10. Are there any disappointments or, conversely, unexpected successes?

Personally, I cannot think of any disappointments or unexpected successes. I think this is because I had a good idea of the situation before. I had already lived through the last quarter of the twentieth century as a conscious Russian Orthodox and knew the mentalities in the different parts of the then divided Russian Church. However, I cannot speak for others.

11. Do you feel connected with the Church in the Homeland and how do you support that connection?

Yes, now that the old atheist regime of the past has gone, we who belong to Rus abroad feel this attachment to the Church in ‘old Rus’ very strongly. We have always felt very strongly that we belong to the Russian Orthodox world, whatever our first language and whatever the country we live in. Russian Orthodoxy for us is a kind of super-nationality. We all have worldly passports, which may say ‘German’, French’, British’, ‘Swiss’, Venezuelan’, ‘Chilean’, Australian’, Canadian’, ‘American’, ‘Indonesian’, ‘Mexican’, etc, but our spiritual passports all say ‘Russian Orthodox’. Of course, in ROCOR, we always had this sense of identity. We are all Russian Orthodox first, then secondly we belong to the country whose passport we hold. But this feeling of attachment to ‘Rus’ has been much reinforced by the reconciliation. I know several ROCOR members who have been able to obtain Russian nationality. I know many, many more who would like to obtain Russian nationality, if only it were to be made easier for us.

Today, we have a very good idea of what is going on in Russia and in the other countries which form Rus, the homelands of our Faith. Sadly, since the fall of the Soviet Union we have seen ever more clearly that there are elements in the West which want to create a new Cold War. Before, they said that they were only against the Soviet Union, but in reality some hated Russia and the Russian Orthodox Church. The Soviet Union was only an excuse for this hatred.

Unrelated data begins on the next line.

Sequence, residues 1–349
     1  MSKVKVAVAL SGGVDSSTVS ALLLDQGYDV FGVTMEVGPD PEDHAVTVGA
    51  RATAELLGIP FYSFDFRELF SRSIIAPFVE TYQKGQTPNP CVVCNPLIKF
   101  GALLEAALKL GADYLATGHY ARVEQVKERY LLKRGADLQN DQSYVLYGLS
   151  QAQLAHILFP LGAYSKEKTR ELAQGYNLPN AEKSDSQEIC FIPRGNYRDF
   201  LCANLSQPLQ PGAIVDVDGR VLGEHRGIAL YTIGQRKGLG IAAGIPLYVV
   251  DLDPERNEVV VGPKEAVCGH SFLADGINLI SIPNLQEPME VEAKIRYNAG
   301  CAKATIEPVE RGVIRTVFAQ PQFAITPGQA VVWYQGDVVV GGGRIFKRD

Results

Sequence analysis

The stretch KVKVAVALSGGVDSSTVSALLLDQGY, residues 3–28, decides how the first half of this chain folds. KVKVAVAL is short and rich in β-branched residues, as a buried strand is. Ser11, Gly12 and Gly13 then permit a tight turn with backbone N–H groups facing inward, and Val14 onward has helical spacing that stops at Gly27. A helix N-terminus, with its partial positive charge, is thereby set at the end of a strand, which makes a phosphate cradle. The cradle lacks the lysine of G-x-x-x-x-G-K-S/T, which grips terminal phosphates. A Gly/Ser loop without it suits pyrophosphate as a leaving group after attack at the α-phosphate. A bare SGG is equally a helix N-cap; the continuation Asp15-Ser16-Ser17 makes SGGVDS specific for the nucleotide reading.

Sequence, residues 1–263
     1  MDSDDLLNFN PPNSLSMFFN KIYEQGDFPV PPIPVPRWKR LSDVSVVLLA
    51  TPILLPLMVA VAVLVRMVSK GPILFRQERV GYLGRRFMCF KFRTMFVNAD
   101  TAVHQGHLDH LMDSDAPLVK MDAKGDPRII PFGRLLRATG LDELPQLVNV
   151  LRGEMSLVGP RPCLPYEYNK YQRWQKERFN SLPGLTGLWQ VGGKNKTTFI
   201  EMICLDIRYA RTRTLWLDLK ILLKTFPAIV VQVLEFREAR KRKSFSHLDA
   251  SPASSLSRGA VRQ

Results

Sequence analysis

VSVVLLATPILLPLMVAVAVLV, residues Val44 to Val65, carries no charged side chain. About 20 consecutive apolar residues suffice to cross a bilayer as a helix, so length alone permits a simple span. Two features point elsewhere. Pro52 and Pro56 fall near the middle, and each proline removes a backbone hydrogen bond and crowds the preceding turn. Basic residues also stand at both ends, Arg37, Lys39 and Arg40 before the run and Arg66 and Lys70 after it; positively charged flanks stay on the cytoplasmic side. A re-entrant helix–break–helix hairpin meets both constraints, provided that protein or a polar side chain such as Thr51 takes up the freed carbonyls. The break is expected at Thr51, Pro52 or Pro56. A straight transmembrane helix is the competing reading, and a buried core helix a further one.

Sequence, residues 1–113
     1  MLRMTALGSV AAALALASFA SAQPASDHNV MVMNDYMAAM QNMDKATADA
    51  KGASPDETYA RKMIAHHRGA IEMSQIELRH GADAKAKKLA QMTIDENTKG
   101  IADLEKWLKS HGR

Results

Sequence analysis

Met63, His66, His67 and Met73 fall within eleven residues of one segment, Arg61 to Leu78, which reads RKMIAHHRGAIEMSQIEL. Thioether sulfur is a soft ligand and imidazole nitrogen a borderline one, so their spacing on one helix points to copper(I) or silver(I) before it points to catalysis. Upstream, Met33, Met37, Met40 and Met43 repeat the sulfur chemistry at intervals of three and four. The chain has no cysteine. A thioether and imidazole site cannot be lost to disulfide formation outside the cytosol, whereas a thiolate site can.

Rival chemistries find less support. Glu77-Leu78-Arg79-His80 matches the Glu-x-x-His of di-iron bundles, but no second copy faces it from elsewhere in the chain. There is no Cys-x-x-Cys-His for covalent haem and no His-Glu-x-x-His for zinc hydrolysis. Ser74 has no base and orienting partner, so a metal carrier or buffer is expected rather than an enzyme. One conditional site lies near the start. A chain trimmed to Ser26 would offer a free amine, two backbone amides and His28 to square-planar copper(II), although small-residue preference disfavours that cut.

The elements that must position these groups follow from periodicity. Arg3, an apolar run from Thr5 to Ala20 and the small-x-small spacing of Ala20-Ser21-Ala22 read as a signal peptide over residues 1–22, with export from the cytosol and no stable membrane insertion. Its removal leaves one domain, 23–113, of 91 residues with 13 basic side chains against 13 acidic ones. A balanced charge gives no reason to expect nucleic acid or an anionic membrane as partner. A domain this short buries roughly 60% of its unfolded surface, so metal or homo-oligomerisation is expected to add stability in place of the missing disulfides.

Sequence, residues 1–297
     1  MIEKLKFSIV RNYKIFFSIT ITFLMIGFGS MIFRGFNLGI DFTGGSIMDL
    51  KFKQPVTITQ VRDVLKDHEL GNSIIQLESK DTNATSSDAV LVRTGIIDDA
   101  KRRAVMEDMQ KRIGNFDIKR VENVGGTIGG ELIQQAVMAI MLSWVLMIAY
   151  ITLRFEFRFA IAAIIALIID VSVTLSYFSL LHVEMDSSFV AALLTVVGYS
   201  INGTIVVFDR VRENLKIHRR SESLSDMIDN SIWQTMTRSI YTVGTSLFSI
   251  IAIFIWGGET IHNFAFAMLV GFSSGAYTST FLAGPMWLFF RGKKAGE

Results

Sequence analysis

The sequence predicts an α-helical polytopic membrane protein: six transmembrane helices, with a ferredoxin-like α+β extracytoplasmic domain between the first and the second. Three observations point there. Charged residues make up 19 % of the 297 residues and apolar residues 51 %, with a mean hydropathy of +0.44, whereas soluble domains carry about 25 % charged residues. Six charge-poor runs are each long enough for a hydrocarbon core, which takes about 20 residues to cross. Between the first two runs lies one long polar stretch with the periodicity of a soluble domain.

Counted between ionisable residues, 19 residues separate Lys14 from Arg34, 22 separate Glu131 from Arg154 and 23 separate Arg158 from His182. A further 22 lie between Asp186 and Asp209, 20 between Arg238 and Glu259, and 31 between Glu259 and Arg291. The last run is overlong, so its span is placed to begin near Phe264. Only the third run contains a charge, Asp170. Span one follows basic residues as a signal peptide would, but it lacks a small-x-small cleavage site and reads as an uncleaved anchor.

Some of these elements are today actively work for the downfall of Russia and of our Russian Orthodox Church, sending out disgraceful propaganda against authentic Orthodoxy and against Russia. Russophobia is a reality among Western Powers which are jealous of Russia. These people are also enemies of our Church because they know that our Church has Christian values, whereas their values are secularist, humanist, atheist.

It is our task to defend the Russian Orthodox Church, Tradition, Identity and Values. There is colossal ignorance about Russian Orthodoxy in the West. It is our task to dispel this. We are unpaid ambassadors for the Russian Orthodox Church. Unfortunately, many here reject Orthodox Rus, the Tsar-Martyr Nicholas, and the revival of Orthodox culture in Russia, to which they oppose the Godless West, Secularism, and the Mammon of the dollar and the euro.

This is not a political question, this is a question of defending our common Russian Orthodox values. The heartfelt desire of ROCOR has always been the restoration of Sovereign Orthodox Rus, of Holy Rus. The closer the Russian State identifies with our ideals of Holy Rus, the more our hearts rejoice. What we certainly do not want is the downfall of the Russia which is today being reborn. Of course, some perfectionists are impatient, they want everything restored now, but that is not possible. ‘In your patience you will save your souls’ (Lk 21, 19). And those who have patience always have humility. We do not have the right to ask for perfection of others, only of ourselves. The restoration of Orthodox Rus takes time and needs a constructive and positive approach, not a fault-finding approach.